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Seat belts save lives

The sign read “Buckle up, it’s the law.” Just a short time later, there was a bumper sticker announcing that “Seat belts save lives.” Perhaps I had begun to take for granted that seat belts are just a routine part of driving. In fact, I’ve just recently been training my teenage son to drive and, almost like the opening lines of a familiar script (I’m on my third kid-trainee), we have discussed how putting on your seat belt is one of the first steps you take when you sit down in the car. Hardly give it a thought anymore. It’s rote, it’s routine. Yet, apparently that’s not so for everyone.

According to the National Highway Safety Administration, nearly one in 10 people do not wear a seat belt, despite the fact that it is legally mandated in all 50 states and one of the single most important safety habits to prevent serious injury and death.

Seat belts first became commonplace in the 1970s. In the interval since 1975, it is estimated that they have saved almost 400,000 lives and currently save nearly 15,000 lives per year in the United States.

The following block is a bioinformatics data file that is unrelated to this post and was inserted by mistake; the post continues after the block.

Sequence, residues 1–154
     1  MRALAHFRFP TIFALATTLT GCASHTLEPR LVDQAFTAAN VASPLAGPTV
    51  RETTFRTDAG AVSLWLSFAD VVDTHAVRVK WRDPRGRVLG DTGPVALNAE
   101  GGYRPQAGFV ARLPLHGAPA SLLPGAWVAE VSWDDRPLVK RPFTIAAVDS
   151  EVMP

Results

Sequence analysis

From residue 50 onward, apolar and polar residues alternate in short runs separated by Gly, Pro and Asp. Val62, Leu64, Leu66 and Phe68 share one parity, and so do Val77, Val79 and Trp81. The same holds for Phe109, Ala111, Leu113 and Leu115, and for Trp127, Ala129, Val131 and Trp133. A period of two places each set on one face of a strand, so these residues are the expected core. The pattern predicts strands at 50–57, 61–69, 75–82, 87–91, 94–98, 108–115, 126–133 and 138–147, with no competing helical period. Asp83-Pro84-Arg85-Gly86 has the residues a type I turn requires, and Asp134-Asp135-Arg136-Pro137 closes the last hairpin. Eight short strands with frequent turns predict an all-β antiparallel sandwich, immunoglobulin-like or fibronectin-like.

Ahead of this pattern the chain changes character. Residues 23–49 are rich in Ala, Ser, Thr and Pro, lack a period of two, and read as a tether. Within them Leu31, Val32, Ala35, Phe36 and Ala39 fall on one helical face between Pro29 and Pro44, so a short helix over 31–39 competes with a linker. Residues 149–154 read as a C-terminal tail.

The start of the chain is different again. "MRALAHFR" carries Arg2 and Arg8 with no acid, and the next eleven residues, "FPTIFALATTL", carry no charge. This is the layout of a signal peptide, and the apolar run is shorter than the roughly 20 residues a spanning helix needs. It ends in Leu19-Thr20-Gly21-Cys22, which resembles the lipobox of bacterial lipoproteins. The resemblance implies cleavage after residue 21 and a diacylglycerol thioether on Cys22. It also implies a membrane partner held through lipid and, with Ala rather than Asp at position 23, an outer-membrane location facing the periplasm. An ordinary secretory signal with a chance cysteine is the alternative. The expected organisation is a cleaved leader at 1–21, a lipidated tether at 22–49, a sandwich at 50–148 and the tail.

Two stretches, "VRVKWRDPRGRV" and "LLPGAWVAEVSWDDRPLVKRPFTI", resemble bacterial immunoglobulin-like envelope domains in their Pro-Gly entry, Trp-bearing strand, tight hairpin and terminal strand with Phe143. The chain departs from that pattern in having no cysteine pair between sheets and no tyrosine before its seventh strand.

On average, roughly half of traffic fatalities involved a driver or passenger who was not wearing a seat belt.

It is true that most cars are equipped with air bags these days. Yet, air bags alone are not enough to provide protection from serious injury in a motor vehicle accident. Air bags are designed to work with seat belts, not to replace them. In fact, the force from the deployment of an air bag can seriously injure or kill you if you are unrestrained with a seat belt.

Not only are seat belts the single most effective thing you can do to protect yourself during a crash, it is essential that they be worn properly. Proper seat belt use includes a lap belt secured across the pelvis and a shoulder belt across the rib cage (away from the neck). At no time should a shoulder belt be placed behind the back or under the arm.

Apparently, many drivers who otherwise wear seat belts choose not to do so when driving a short distance from home or at slower speeds, falsely believing that there is less risk in these situations. This is a myth about seemingly routine trips. The reality is that most fatal crashes happen within 25 miles from home and at speeds of less than 40 miles per hour.

Sometimes the things we take for granted as routine are the most important things. When it comes to driving or riding in cars, this is certainly true for seat belt use.

Never ride or drive in a car without buckling up first.

Dr. Matthew A. Clark, a board-certified physician in internal medicine and pediatrics, works for the Indian Health Service.